Does Innovation Lead to Greater Trust?

August 21, 2014 2 Comments

Innovation is broadly defined as: something newly introduced... a new method or device.

Über’s own innovation process emanates from a deep desire to make a difference; helping people achieve better outcomes!

Fears, frustrations, pain and loss are strong motivators to encourage quest seekers to go off and discover new ways of helping people do things!

Arising outcomes can be measured via health and safety benefits, speed and efficiency improvements, aesthetics, consistency, ease of use etc.

Consider crowd-funding vehicles such as Kickstarter, as  the perfect platform requiring us to believe and then go off and do something, like commit!

Ultimately the movement from “nothing to doing” comes down to crossing a bridge… the white space between which innovation and relationship live… we call that trust!

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2 Responses


March 27, 2015

Chris,No, geography isn’t the areumgnt. But your areumgnt is based on availability of an alternative. I am merely pointing out the flaw in this areumgnt. Geography is one factor which limits availability of alternatives. Lack of labelling is another. In-store prohibitions on labelled foods is another. The list goes on. Regardless, the bottom line is that GMO-free alternatives are not, in reality, available to consumers.I did read your post, “The Right to Know What I’m Eating”. Since my interest in knowing which foods are GMO is allergy related, your example of the anaphylactic reaction in the restaurant is interesting to me. (I have a close relative who’s been in this exact situation more than once.) Say what you will, GMO foods have not had a great track record for allergic consumers. (eg: soybeans, peas). Now consider that, in North America 4%-5% of the population have IgE-mediated food allergies, and the numbers are rising.So I’d like to ask you some questions. Should people with allergies have the right to know how their food was produced? Do they really have reasonable alternatives available to them?If the person having the anaphylactic reaction has a right to know, what about the person who doesn’t need an ambulance immediately, but whose allergies cause vomitting and intestinal bleeding that last for weeks? Do they have a right to know? If a GMO product has been crossed with something to which I may be allergic, do I have a right to know if that product is GMO or not? What if we have multiple allergies? Do we have a right to know without lengthy discussion over every food choice? Now, what if I am a tax paying citizen in a country that subsidizes production of a product that is genetically modified, such as corn? Does the public’s investment give them a right to disclosure? Considering that the public is heavily subsidizing the production of corn, do they have a right to know how it is produced? Should their request for a non-GMO industry be honoured? Furthermore, if I go to the store and buy a toaster, or a wrench, or a cheese grater, I have a right to know what it is made of. I may inquire whether it is made of steel, aluminum or brass (if I’m a complete idiot) and whether it is cast, molded, or welded. If it is not labelled, then I have a right to contact the company and inquire. The company is legally obligated to provide contact information and a representative to answer my questions. Why? Because I have rights as a consumer. I have a right to know what I am buying. Regulatory agencies ensure a basic level of safety before it goes to market. After that labelling protects my right to make an informed decision at the store.No we don’t have to know everything. But we have a right to know what’s in a product. Any product. And we have a right to have our questions answered.Ethically morally, barriers to the process of informed decision making should be minimized. That’s what a free market is all about.Perhaps the public at large and policy makers would choose to go with the scientific approach, and eat what has not been proven unsafe. As a person with poor health due to multiple allergies, I prefer to err on the side of caution. Labelling would allow me to make that choice. Are you really suggesting that, because this is not an anaphylaxis-in-the-restaurant scenario, I don’t have a right to know?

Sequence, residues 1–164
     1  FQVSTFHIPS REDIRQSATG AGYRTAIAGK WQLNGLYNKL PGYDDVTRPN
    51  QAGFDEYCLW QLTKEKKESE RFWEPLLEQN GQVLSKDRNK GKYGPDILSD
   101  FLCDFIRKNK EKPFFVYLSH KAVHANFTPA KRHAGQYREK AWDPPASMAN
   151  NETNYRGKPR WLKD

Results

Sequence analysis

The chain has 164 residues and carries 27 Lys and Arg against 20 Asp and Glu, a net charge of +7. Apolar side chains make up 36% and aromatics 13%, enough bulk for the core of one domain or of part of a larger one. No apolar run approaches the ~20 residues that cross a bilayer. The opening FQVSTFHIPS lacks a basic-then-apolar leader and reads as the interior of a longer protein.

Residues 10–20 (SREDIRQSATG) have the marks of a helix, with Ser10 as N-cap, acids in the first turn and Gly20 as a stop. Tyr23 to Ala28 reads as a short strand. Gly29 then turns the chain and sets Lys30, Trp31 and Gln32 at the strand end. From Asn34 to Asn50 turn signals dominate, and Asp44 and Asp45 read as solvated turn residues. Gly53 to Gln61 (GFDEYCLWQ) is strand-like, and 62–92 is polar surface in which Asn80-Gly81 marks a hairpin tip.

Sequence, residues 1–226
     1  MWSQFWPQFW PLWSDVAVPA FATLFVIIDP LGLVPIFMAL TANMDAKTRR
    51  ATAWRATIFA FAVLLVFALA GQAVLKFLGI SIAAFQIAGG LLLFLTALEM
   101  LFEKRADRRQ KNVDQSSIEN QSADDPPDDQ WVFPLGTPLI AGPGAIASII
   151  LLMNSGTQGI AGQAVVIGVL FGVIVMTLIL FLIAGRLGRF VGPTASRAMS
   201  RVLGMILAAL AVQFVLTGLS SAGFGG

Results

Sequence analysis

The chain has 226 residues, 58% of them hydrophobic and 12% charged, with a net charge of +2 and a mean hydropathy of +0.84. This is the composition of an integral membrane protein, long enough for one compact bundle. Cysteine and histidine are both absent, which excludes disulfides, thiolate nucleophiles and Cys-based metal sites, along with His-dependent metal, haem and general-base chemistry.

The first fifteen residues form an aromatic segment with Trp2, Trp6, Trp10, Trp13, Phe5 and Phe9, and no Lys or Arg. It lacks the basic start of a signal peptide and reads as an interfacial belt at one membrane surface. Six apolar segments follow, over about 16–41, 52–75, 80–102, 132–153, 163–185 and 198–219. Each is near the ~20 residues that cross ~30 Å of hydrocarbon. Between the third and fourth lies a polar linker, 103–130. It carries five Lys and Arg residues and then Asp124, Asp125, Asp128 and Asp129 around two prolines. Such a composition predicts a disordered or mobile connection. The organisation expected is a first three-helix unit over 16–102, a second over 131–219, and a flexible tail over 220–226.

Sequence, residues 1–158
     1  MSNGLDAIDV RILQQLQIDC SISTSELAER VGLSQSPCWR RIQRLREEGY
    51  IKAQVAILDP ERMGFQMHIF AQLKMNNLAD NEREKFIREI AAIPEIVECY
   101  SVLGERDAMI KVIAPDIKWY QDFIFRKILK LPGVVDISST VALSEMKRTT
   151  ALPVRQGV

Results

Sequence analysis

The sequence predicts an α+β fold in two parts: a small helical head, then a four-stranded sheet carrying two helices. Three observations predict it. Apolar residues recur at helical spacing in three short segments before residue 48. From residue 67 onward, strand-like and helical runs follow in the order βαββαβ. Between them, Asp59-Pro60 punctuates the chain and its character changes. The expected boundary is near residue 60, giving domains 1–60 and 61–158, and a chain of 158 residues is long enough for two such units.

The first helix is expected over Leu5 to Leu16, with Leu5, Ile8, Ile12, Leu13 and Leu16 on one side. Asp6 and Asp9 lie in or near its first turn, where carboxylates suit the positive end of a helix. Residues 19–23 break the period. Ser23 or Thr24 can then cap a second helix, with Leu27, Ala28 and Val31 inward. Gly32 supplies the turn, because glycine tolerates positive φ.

March 26, 2015

Rule #1: NEVER drink at The Bird All-American Bar and Grill in beautiful doowntwn Mount Pleasant, Michigan.Now Adam wiill teach us how to make the classic dish steak au poivre, or pepper steak. First, you take some canned tuna fish. Then you add some lemon juice and creamed coconut, followed by some smoked almonds and rock salt. Then you put the whole thing into a blender. Voila! Pepper steak!

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